New England Patriots 53-man 2018 Roster Projection v1.0: Cornerback

FOXBOROUGH, MA - JANUARY 21: Stephon Gilmore
FOXBOROUGH, MA - JANUARY 21: Stephon Gilmore /

As we get closer to the start of the 2018 season, here is how the New England Patriots might look at the corner back position in our early roster preview.

Part seven for the New England Patriots moved on to the defense with a look at the surprising depth at the defensive line position, the continuing quest for pass rush help at defensive end and edge rusher position, and some new players at the interior linebacker position.

Part ten of 12 continues with a look at the deep and athletic cornerback position:


Starter(s): Stephon Gilmore, Jason McCourty

Back-up(s): Duke Dawson, Eric Rowe, Jonathan Jones, Ryan Lewis

Roster Bubble Boy(s): Cyrus Jones, Jomal Wiltz, J.C. Jackson, Keion Crossen, A.J. Moore


Cornerback was probably one of the most talked about positions after the Super Bowl when starter Malcolm Butler spent the entire game on the sidelines after leading the defense having played 1,037 regular season snaps. Since that game, the consensus media opinion has been that the Patriots lost the Super Bowl due to not playing Butler.

However, he also did not play well against Jacksonville blowing coverages and some questionable effort on certain plays. The Patriots clearly planned to have Eric Rowe and Stephon Gilmore and Eric Rowe deal with the Eagles’ big outside receivers Alshon Jeffery and Torrey Smith. Jeffery beat Rowe for an early touchdown but was shut down by Gilmore after the team switched Gilmore into coverage on him. Smith did not have a big impact in the game either.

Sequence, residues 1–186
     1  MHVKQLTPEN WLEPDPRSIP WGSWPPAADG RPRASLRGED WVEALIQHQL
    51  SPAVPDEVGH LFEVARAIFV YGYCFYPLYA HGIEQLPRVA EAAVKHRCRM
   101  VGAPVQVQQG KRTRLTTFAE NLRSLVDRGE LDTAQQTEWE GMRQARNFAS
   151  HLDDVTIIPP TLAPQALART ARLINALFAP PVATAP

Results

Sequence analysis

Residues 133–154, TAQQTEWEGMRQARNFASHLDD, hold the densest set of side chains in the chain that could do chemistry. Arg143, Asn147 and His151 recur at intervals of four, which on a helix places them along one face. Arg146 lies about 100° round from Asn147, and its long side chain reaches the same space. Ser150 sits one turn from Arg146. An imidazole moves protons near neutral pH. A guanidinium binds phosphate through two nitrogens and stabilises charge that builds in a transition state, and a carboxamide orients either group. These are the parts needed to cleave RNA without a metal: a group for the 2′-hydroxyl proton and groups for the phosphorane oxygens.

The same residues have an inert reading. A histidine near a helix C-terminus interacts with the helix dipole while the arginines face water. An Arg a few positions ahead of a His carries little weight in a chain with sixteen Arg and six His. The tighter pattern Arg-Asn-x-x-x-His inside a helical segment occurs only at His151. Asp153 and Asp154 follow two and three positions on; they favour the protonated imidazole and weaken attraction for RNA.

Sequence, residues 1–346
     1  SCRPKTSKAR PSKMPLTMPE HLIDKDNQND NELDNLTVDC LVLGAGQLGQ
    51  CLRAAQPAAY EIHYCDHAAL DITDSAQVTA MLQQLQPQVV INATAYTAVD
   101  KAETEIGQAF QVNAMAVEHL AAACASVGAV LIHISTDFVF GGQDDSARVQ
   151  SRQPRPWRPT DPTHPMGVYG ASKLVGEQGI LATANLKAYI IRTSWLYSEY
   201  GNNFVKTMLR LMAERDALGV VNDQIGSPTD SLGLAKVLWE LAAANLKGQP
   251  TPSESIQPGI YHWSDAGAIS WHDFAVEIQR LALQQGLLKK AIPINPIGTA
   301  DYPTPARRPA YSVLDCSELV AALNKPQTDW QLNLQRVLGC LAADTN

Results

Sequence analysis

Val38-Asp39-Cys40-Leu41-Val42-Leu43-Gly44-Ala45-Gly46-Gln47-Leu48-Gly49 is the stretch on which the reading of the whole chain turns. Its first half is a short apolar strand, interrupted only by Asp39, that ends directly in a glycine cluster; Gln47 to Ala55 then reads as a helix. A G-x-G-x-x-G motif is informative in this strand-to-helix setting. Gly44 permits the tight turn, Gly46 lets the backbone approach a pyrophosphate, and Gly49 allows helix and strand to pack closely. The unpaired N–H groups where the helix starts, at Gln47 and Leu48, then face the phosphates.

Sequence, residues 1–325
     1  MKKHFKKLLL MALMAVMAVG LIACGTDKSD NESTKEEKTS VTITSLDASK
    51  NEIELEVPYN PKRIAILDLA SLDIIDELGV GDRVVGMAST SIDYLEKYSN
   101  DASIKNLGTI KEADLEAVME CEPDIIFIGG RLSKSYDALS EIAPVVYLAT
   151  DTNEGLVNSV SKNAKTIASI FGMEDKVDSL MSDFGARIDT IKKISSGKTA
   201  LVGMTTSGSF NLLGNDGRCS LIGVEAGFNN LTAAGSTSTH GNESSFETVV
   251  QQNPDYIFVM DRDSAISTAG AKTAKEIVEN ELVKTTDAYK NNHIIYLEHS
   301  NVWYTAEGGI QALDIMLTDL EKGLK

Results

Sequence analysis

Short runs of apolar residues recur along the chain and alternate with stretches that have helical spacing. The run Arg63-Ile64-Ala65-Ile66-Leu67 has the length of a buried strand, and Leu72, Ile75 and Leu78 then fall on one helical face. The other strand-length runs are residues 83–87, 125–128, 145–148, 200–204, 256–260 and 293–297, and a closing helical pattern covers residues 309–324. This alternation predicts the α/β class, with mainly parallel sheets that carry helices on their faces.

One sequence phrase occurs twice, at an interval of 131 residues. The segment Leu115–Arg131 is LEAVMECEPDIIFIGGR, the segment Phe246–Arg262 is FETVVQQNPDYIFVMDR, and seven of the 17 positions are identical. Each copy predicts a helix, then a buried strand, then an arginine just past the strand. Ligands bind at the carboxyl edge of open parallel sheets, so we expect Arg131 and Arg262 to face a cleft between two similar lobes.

Who hurt New England in the passing game in the Super Bowl were slot receiver Nelson Agholor, running back Corey Clement, and tight end Zach Ertz who combined for 20 receptions for 251 yards and two touchdowns. Remember, this was the same plan they used in Super Bowl 51 with Rowe and Logan Ryan outside against Julio Jones and Mohamed Sanu. Butler was in the slot matched with Taylor Gabriel and was burnt for two big plays of 24 and 35 yards in that game.

The Patriots are solid with Gilmore–who was their best cornerback in the second-half of 2017 and in the playoffs–and a combination of Rowe and Jason McCourty who was scooped up for next-to-nothing in a trade with Cleveland. This trio can defend multi-receiver formations and gives New England options in match-ups. McCourty actually outperformed Butler last season and could be seen as a less expensive upgrade.

What hurt New England in the Super Bowl was the loss of nickel cornerback Jonathan Jones. Jones, an undrafted free agent in 2016 who played special teams primarily as a rookie, was a revelation playing in the slot. The Patriots tried Rowe and Butler in the slot in the regular season and both struggled in the role. Jones, per, was third in the NFL in “Lowest Catch Rates Allowed in Slot Coverage” behind Patrick Robinson and Chris Harris Jr. and just ahead of Kendall Fuller.